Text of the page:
A World with No Room for Wilders

justin-katz-avatar-smiling

With the passing of actor Gene Wilder, a few of his bigger hits are receiving repeat mentions… the Mel Brooks ones — Blazing Saddles, Young Frankenstein, The Producers — and, of course, Willy Wonka.  The timing of my childhood engagement with cable television (which was new, then, kids) leads me to suggest that the picture isn’t complete without a few lesser known films.

With reference to the movies above (minus The Producers), Richard Lawson writes in Vanity Fair about the “menace” and edginess underlying Wilder’s persona, but I don’t think that quite captures the character.  The viewer empathized with Wilder’s apparent lunacy; he was like that crazy friend who would never hurt you... never really hurt anybody deliberately or without cause.  Even where, in Start the Revolution Without Me, he escalates his response to a request for his name into a manic parody of the absurdity of pleasantries, given particular circumstances, one never feels a pull toward violence beyond the emotional rage:

He’s the warm, funny radio actor in Haunted Honeymoon whose intensity sparks from the friction of trying to convince himself that the monsters aren’t real:

In other words, there was no menace in him.  Not really.  Even in the too-intense-for-young-children boat scene in Willy Wonka, the menace isn’t located in Wonka, but in the environment in which such a character would naturally exist.

He won’t poison you, but he lives in a factory of danger, which is, more than anything, a manifestation of the dangers in his own imagination (and ours).  In fact, he’s trying to work the risks out of the objects of his imagination so that they’ll be wonders of fun, but he can’t resist telling you what he’s got in mind.  In the meantime, he’ll warn you and tell you how to avoid harm with absolute confidence, but he won’t stop you from proving your inability to resist your own nature.

Lawson laments the loss of Wilder’s edge in comedy, and the Wilderesque layers of complexity, with its vaguely disconcerting intensity just below the surface.  I think of Mark Judge’s question: “Is Contemporary Liberalism Creating a Soulless Monoculture?“:

Thus in America came the monochromatic washing of a country that once could boast not only crazies like Scientologists and Louis Farrakhan, but creative and unusual icons like Norman Mailer, Georgia O’Keefe, Baptists, Hindus, dry counties, John Courtney Murray, Christian bakers, orthodox Jews, accents, and punk rockers. The eccentric and the oddball, as well as the truly great, are increasingly less able to thrive.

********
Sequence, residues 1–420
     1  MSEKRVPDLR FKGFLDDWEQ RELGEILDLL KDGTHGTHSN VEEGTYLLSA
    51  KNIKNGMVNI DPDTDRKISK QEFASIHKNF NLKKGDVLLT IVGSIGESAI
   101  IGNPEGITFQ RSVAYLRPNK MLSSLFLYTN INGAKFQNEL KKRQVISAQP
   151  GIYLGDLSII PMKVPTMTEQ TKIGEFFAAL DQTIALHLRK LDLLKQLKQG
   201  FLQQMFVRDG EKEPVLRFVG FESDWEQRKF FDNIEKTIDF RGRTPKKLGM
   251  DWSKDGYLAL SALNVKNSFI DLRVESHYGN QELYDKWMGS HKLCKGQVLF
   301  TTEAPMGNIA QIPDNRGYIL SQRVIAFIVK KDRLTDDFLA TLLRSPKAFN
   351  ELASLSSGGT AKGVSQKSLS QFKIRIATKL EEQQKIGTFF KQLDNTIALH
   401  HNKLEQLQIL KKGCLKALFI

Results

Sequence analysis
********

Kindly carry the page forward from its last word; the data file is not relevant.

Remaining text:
Thus it is more than just sarcasm that leads Ed Driscoll to mark Wilder’s passing with the wry quip, “This year just keeps getting better and better.”  More profound than the death of an old man from whom we hadn’t heard in years or decades is that our society may not be able to sustain the likes of Wilder anymore, in large part because it assumes menace in difference.  Consider another Wilder role, this one as the fox in The Little Prince:

As a child, I thought this scene simply sad.  What strikes me now, as an adult, is that there’s something creepy about the closeness between the fox and the prince in the film, because it isn’t a fox at all, but a grown man talking in ways into which it is very easy to read innuendo in our cynical, oversexualized society.  But if we take Wilder’s side as our perspective, we see that what’s sinister isn’t the man, but the world, in this case the world that has taught us to read the innuendos.  Maybe you’ll blame him for your unease, but maybe it’s your fault because you’ve let yourself learn to assume menace in men.

Perhaps the book version of The Little Prince anticipated this problem, with a message that I’d never quite pieced together before, disregarding it as translated poetry.  For the fox, men bring the menace of the hunt; on the other hand, they bring chickens to hunt.  But the fox has found that the chases become monotonous, because impersonal.  So, he asks the prince to tame him.  That way, there will be one “sound of a step that will be different from all the others. Other steps send me hurrying back underneath the ground. Yours will call me, like music, out of my burrow.”  With that personal connection, his life will be rich.  The wheat fields that currently “have nothing to say to me” will begin to speak with the wind memories of the prince.

In comparison, the monoculture and the drive to perfect society are more like taming into the impersonal, because the perfected society cannot allow closeness if there’s a risk of innuendo.  It cannot allow for puzzling characters.  No more intense complexity.  No more Wilders.



Quantcast